History shows that from the early colonial days to present times the building and construction industry has been a major force in the nation's economic, employment and community interests. Master Builders ACT has played an integral part in the development and growth of Canberra with the majority of Canberra's infrastructure being attributable to Master Builders' members.
Master Builders ACT was born on 18 August 1925 as ten builders met at the Hotel Canberra, with their meeting quickly resulting in the immediate formation of an Association of the Master Builders in the Federal Capital Territory.
Beginning with only 14 members, the association gathered momentum quickly as Canberra experienced its first 'building boom' around 1926-27. It was noted at the first Master Builders Annual Dinner in September 1926 that building activities were considerably on the increase and members felt that the association was moving well towards being an important player in the development of the national capital.
Around this period, an abundance of prominent projects were underway throughout Canberra, including: the remodeling and furnishing of Yarralumla House for use as the residence by the Governor-General, the completion of the Prime Minister's lodge, the completion of Parliament House, the solar observatory at Stromlo, Hotels Kurrajong and Acton, as well as engineering work on the main sewerage system and treatment works at Weston Creek.
In 1921 prior to the building industry taking off and the conception of Master Builders, the population of Canberra sat at just 1,150 people. By 1927, over 8,000 people occupied the nation's capital and the city as planned by Walter Burley Griffin was beginning to take form.
Whilst building activity largely came to a halt during the years of the depression, this interlude was followed by yet another period of great progress and increased building activity fuelled largely by post-war euphoria, overseas immigration and the urgent need for accommodation.
In March 1958, the National Capital Development Commission took over the planning of Canberra and multiple new suburbs began to form, slowly developing throughout the 60's and 70's to accommodate a growing population. Woden was established in 1964, followed by Belconnen in 1967 and Tuggeranong in 1973. These additional districts helped to encourage large population growth between 1960 and 1975.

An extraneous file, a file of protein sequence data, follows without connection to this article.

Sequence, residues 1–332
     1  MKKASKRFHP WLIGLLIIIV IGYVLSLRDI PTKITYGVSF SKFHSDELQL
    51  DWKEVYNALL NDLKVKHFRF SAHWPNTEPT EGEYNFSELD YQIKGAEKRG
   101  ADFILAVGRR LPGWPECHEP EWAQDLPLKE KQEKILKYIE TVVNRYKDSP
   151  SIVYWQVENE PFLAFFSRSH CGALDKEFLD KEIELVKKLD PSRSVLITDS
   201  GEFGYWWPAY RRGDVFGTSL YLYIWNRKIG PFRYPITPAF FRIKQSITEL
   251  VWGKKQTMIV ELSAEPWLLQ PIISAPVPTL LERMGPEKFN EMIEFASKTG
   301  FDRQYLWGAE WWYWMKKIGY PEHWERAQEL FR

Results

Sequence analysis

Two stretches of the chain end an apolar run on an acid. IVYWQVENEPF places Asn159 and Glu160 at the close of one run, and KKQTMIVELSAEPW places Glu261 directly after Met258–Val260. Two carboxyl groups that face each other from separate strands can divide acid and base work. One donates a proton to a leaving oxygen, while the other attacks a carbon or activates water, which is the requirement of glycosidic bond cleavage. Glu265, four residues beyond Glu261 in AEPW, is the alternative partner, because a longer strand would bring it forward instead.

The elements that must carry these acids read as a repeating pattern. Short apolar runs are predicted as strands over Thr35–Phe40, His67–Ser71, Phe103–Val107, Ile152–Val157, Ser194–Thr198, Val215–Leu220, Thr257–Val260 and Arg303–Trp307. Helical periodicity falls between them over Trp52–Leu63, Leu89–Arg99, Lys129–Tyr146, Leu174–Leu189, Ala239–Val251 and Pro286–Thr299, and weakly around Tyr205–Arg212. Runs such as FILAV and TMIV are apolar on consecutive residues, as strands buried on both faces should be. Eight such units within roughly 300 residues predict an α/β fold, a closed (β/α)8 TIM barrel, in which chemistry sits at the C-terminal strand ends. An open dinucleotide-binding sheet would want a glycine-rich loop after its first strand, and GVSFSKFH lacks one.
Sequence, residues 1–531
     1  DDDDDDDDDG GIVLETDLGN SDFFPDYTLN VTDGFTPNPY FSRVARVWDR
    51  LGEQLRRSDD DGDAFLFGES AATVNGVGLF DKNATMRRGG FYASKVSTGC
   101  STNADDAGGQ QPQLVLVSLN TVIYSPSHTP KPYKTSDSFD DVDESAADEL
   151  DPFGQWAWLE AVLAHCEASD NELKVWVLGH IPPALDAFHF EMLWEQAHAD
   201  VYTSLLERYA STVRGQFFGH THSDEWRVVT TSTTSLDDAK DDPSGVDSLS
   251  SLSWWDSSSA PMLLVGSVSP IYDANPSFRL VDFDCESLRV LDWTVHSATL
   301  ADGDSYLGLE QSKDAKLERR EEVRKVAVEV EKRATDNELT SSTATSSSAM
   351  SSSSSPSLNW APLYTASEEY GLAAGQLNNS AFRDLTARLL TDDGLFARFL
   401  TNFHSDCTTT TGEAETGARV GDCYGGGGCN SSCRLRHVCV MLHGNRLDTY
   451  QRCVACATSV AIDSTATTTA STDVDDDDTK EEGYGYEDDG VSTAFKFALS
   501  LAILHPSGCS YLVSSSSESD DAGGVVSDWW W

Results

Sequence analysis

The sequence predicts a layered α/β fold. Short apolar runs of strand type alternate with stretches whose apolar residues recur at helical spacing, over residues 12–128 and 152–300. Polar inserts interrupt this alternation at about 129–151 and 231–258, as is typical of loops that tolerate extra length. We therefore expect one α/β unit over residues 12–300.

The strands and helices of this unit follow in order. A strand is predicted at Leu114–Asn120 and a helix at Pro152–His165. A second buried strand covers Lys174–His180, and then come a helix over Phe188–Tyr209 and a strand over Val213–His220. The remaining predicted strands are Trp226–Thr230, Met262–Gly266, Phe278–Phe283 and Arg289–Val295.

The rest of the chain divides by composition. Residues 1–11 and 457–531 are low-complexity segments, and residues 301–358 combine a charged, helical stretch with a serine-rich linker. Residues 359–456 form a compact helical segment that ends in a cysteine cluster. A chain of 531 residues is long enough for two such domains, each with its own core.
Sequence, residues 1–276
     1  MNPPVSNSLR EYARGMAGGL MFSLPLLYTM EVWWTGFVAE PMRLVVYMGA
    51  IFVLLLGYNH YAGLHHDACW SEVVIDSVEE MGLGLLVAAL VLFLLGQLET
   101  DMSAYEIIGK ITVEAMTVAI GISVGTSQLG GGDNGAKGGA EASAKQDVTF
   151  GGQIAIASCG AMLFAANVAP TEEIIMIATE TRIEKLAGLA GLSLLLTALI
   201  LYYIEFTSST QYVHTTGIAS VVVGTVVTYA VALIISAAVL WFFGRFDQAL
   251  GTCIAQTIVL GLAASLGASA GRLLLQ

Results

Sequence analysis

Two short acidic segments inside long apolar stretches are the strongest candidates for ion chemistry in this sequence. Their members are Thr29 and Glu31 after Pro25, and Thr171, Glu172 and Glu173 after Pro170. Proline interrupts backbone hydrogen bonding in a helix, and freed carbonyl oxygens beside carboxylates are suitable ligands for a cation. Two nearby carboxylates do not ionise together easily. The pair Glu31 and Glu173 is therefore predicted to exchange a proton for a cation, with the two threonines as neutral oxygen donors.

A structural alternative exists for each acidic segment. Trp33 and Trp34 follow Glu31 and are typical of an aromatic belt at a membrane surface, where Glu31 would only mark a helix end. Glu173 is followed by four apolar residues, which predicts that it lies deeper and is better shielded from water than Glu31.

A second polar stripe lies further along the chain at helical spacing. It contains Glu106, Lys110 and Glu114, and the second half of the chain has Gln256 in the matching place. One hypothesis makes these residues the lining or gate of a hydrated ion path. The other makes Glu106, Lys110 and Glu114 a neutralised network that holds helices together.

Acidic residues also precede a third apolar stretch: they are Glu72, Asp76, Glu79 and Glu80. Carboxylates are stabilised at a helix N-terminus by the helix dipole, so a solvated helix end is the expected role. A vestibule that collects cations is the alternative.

In keeping with Walter Burley Griffin's original plans for the city, works on forming Lake Burley Griffin began in 1963 with a steady flow of other key cultural and civic landmarks following its construction. The National Library of Australia building opened in 1968, the Canberra Stadium was completed in 1977, the High Court of Australia building opened in 1980, the National Gallery of Australia in 1982, new Parliament House in 1988, the National Museum of Australia in 2001 and the National Portrait Gallery of Australia building was completed in 2008.
The largest road works project in the history of ACT was only recently undertaken in 2007, being the construction of the Gungahlin Drive Extension from Barton Highway up to and including the Glenloch Interchange.
Currently, Canberra continues to thrive largely as a result of its booming building and construction industry, with new suburbs frequently arising to meet rising demand in the nation's capital. Master Builders Association of the ACT continues to lead the way in developing Canberra and servicing all sectors of the industry.
Over the years Master Builders ACT has grown into a particularly unique association, not only offering its members services such as industrial relations, technical assistance, networking events, insurance, government liaison and promotional opportunities; but also providing comprehensive training and employment through the award-winning registered training organisation, Master Builders Group Training.
Established in 1969 by the then-President Len O'Hara, Master Builders Group Training trains and employs apprentices and cadets, placing them with host employers. This system offers Master Builders ACT members greater flexibility when engaging apprentices and cadets, reducing paperwork burdens on host employers as well as broadening the opportunities and experiences available to students wishing to enter the industry.
In 1995, the association branched out into its own premises at 241 Northbourne Avenue. Eventually outgrowing this space also, Master Builders ACT moved once more in 2008 to the Master Builders Headquarters and Skills Centre in Fyshwick, a purpose-built facility boasting a state-of-the-art training wing for Master Builders Group Training, a public information and display centre, and modern professional development and training rooms.
Currently the association has a membership of over 1,200 residential and commercial builders, subcontractors, civil subcontractors, suppliers and professionals. Master Builders ACT not only has a diverse range of membership covering all sectors, but is also diverse in terms of organisation and employee sizes. Membership spans from large multi-national commercial builders through to individual subcontractors and sole traders. This diversity and strength of the membership gives the Master Builders its unique ability to lobby effectively for the benefit of all members, the industry and the community as a whole.